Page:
Mohammed Wajiuddin reports in the Times of India, June 4th 2017
After the Maghrib or evening prayers when most Muslims rest briefly before they get ready for another session of nightly prayers during Ramdhan, Fatima Yusuf Lokhandwala has a big job at hand. Around 16 people, both male and female, stream into her brightly lit home at Saifee Burhani Park, the transit home in Mazgaon for the erstwhile residents of Bhendi Bazaar, currently being redeveloped by Saifee Burhani Upliftmet Trust (SBUT). The men, all bearded and traditionally dressed, sit in the front room while co lourful rida-clad women settle down in another room. Soon huge thaals (steel platters) are laid out before these separate groups and a variety of food, including soup, rotis, chicken chilly, mutton masala, biryani and ice cream get served. Post-dinner, the guests silently pray for their host and their spiritual leader Syedna Mufaddal Saifuddin who benignly looks down from a painted wall, which also has photographs of past Syednas.
Ramdhan always involves fasting and feasting. But for some Dawoodi Bohras like Fatima and her husband, Yusuf Hatim Lokhandwala, holding iftars at home throughout the holy month is a ritual. “This is mainly for tulul umr (longevity) of our maula (Syedna Mufaddal Saifuddin),” says Fatima, a homemaker who cooks meals for at least 16 guests daily. “From chopping coriander leaves and peeling onions to cleaning the cutlery, I do everything myself,” says the mother of two whose married daughter Khadija sometimes drops in to assist her mother.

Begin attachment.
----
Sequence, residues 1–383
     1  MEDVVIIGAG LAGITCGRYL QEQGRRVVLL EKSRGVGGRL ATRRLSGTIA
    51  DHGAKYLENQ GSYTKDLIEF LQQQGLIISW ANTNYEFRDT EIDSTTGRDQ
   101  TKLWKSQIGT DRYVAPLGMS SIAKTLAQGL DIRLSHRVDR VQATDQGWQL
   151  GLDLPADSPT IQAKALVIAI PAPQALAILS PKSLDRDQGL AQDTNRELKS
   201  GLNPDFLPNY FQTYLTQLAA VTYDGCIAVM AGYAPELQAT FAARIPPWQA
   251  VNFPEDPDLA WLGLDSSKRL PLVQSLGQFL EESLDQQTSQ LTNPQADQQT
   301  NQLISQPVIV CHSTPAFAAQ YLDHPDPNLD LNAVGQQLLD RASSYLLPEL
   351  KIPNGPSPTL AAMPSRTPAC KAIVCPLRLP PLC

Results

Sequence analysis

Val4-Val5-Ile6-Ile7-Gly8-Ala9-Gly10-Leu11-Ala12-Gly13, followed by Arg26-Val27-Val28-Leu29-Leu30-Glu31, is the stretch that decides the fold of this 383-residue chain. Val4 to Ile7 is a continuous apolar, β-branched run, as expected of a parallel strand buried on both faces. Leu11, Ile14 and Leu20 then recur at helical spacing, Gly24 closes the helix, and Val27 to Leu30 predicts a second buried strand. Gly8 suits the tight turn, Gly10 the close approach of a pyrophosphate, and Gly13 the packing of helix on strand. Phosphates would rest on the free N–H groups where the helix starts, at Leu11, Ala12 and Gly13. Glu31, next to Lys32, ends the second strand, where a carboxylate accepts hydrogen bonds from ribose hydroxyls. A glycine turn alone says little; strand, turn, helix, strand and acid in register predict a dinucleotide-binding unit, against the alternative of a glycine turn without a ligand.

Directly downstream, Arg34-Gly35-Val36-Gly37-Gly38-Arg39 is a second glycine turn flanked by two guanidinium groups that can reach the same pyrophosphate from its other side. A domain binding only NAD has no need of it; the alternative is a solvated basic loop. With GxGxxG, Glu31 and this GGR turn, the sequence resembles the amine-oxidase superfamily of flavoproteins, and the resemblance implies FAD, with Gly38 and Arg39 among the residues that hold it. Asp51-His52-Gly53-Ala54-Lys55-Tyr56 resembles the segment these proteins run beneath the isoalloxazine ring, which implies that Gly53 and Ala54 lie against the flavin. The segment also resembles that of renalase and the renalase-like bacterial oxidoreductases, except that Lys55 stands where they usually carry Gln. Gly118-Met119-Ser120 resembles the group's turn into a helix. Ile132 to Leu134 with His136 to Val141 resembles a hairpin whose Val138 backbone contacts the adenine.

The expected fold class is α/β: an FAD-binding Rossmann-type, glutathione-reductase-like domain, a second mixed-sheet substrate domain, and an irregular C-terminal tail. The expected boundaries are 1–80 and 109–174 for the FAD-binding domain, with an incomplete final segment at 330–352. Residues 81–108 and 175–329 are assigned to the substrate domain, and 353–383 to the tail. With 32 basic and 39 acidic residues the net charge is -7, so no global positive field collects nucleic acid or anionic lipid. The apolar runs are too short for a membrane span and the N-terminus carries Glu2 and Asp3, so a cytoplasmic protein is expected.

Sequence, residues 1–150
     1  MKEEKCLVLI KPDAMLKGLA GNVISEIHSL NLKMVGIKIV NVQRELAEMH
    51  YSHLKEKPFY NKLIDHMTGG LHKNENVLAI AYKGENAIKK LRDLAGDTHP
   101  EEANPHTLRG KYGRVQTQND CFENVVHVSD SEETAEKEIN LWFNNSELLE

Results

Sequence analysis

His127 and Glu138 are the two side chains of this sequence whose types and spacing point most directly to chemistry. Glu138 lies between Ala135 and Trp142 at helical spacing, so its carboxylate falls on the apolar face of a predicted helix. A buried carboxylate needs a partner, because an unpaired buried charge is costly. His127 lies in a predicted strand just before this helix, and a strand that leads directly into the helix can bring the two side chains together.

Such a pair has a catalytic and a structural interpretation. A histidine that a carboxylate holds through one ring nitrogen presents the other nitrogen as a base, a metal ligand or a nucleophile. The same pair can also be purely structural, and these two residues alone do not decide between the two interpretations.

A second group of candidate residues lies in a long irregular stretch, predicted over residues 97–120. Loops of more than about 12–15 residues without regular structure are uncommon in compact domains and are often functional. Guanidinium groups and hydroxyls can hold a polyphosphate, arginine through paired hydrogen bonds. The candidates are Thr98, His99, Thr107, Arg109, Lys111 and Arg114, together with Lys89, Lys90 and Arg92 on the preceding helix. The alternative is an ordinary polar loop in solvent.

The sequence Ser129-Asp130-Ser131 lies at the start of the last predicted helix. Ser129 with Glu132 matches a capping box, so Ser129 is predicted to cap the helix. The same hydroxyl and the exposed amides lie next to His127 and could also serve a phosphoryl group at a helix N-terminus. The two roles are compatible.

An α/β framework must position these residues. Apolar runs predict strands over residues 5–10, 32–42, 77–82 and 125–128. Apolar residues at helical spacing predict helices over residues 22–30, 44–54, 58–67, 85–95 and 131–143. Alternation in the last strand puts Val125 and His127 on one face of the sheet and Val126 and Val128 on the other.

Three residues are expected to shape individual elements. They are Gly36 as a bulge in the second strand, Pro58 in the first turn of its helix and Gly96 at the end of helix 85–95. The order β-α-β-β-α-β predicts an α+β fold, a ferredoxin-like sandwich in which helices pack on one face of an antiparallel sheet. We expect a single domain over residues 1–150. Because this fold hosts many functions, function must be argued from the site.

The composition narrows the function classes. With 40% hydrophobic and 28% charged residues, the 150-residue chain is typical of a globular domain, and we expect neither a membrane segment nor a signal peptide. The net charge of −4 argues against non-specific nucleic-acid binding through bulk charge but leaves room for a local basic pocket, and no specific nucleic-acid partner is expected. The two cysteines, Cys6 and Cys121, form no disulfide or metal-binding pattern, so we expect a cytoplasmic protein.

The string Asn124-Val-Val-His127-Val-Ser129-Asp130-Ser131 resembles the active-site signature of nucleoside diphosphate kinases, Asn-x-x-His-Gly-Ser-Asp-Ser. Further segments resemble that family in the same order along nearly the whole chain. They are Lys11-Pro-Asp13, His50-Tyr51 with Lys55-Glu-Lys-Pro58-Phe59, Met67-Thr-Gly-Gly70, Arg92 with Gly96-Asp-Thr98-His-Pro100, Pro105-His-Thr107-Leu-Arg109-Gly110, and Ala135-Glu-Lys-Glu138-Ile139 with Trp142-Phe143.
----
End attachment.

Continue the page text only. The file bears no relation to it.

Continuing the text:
Apart from seeking a long life for the Syedna, the Bohras invite community members–particularly those they don’t know very well–for food to promote bonding, fellowship and brotherhood. “We keep dining with relatives and friends either at weddings or other occasions. For the iftar dinners we prefer to have strangers and also the financially weak members of the community because nutritious home food is a luxury ,” says Murtaza Dargaiwala, a Masjid Bunder resident.
Dargaiwala gives printed invitations to fellow Bohras at mosques during namaz. “If I am inviting 20 guests tomorrow, I will hand over the invitations today itself. If someone decides to cancel, he will inform me well in advance,” explains Dargaiwala, who ensures that each dish is prepared hygienically. The women avoid ordering food from outside and slog for hours over a hot stove to make the food at home.
Home-cooked iftar dinners became popular after the late Syedna Mohammed Burhanuddin, in one of his sermons, emphasized sharing mohabbat ki roti (bread of love). “The late Syedna wanted the prosperous to share food with the weak among us. The community kitchen from where every Bohra family gets one good meal daily was his idea. And this spirit of hosting Ramzan dinners is now becoming popular,” says Yusuf Tarwadi, a senior Bohra.
Most guests relish the variety of food available at an iftar dinner.”I get to eat many different kinds of dishes. And most importantly , they are home-cooked, non-spicy and hygienic,” says Juzer Latifjeewala who has already attended four home iftar dinners in the last one week.